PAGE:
Prescription Sedatives Addictive

Are Prescription Sedatives Addictive?

The answer to whether prescription sedatives are addictive is yes. Just like every other depressant, prescription sedatives come with a high risk of addiction.

For instance, opioid is a common drug for relieving patients of chronic pains, hence its usage by doctors.However, even under professional monitoring, a patient can become addicted to opioids.

When a patient is addicted to prescription opioids, we refer to this as prescription opioid addiction. Similarly, prescription sedatives can be addictive even under professional supervision.

But, before a patient becomes a prescription sedative addict, the first sign you will see is a dependence on sedatives. Aside from dependence on the substance, there are other signs of sedative addiction.

In this article, we will answer all your questions relating to prescription sedative addiction. Also, we shall review treatment options available for sedative addiction.

Are Prescription Sedatives Addictive: Effects, Withdrawal Symptoms and Risk Factors

Sedatives are drugs given to suppress the activities of the central nervous system. Because of the suppressing effects of prescription sedatives on the central nervous system, individuals may experience fatigue and sluggishness. Other effects that come with the use of prescription sedatives include shallow breathing, slurred speeches and disorientation.

Medically, sedatives are given to individuals suffering from anxiety disorders, insomnia, panic attacks and seizures. Sedatives also offer relaxing effects.

In Canada, the use of prediction sedatives is regulated by Health Canada. So, except in pharmaceutical stores, it is difficult to find sedatives on the street.

The reason for this strict regulation of sedatives is because of their high addictive property. It’s also important that no two prescriptions for sedatives are the same. It means that doctors taper sedatives prescriptions to meet individuals’ diagnoses. So, we often advise patients under prescription sedatives not to share their drugs with other patients.

There are 3 major types of sedative medications namely:


Benzodiazepines are the most common type of sedatives you can find around. Hence, making them the most commonly abused sedatives. Benzodiazepines can be used to treat severe stress, convulsion and panic attacks. Just like every other sedative, benzodiazepines have intoxicating effects on the brain like alcohol.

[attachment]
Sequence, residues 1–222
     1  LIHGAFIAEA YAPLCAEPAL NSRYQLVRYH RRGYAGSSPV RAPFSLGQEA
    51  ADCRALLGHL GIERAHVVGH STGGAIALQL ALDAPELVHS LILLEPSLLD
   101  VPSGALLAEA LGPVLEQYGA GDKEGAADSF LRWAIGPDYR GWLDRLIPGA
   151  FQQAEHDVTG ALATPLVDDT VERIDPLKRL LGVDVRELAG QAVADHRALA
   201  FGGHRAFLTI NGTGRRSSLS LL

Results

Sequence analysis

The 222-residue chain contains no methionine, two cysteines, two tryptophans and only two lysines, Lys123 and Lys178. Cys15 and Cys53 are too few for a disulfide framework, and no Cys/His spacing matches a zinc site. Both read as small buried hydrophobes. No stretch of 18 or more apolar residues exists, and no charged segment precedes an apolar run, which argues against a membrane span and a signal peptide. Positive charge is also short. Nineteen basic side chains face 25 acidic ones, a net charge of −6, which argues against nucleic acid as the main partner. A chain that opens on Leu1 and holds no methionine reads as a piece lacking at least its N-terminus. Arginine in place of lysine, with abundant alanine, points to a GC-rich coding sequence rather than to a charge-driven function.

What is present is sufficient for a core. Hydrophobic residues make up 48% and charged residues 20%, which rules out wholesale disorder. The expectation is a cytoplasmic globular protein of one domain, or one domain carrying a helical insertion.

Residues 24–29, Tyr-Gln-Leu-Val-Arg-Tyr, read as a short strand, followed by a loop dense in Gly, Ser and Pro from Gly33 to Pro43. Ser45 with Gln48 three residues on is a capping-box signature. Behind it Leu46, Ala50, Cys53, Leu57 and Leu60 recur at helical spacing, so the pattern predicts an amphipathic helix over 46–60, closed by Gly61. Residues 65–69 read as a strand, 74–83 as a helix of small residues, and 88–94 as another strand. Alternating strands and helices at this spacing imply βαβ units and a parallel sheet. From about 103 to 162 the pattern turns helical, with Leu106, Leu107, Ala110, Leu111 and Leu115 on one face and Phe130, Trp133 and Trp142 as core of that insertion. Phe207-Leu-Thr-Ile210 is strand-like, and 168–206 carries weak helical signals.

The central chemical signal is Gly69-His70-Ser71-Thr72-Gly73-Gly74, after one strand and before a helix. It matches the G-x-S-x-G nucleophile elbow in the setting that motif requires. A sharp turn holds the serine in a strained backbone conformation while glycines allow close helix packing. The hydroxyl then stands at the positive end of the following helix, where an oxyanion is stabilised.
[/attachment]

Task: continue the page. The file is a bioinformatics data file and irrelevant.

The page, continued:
For the sake of concealment, benzodiazepines have different names on the street. Here are common street names for benzodiazepines:

  • Benzos
  • Beans
  • Downers
  • Sleeping pill
  • Valley girls


Barbiturates are strong sedatives doctors prescribe only to patients with extreme pain syndrome or seizure disorders. Barbiturates produce a feeling of calm and intoxicating effect on patients.

Just like other sedatives, barbiturates come in pill forms. However, you can either take them in pill form or dissolve them in liquid for injecting.

Common examples of barbiturates are:

  • Seconal(Secobarbital)
  • Luminal(Phenobarbital)
  • Amytal( amobarbital)

On the street, barbiturates have different names and they include:

  • Blockbusters
  • Yellows
  • Yellowjackets
  • Goofballs
  • Pinks

Z-Drug or sleep medication

Common Z-drugs are Lunesta (eszopiclone), Ambien (zolpidem), and Sonata (zaleplon). Z-drugs are common sleeping drugs used to treat insomnia and sleep disorders. Z-drugs are similar to benzodiazepines in that they have intoxicating effects on the brain.

Unlike benzodiazepines, the effects of Z-drugs are short-lived and do not last till the following day. However, patients can abuse the drug when trying to recreate the initial feeling of “highness”.

When patients abuse sleeping pills they are likely to experience psychosis and hallucinations.

Here are common street names for Z-drugs:

  • Mexican Valium
  • Forget-me-pill
  • Roofies
  • Roche
  • A-minus

Related Article: Prescription Drug Addiction: How to Prevent a Relapse

Prescription Sedatives

How do sedatives work?

When you use prescription sedatives, they initiate the production of GABA (Gamma AminoButyric Acid) in the brain. GABA is responsible for depressing the activities of the central nervous system. Hence, it is easy to explain the reduced heartbeat and breathing rate.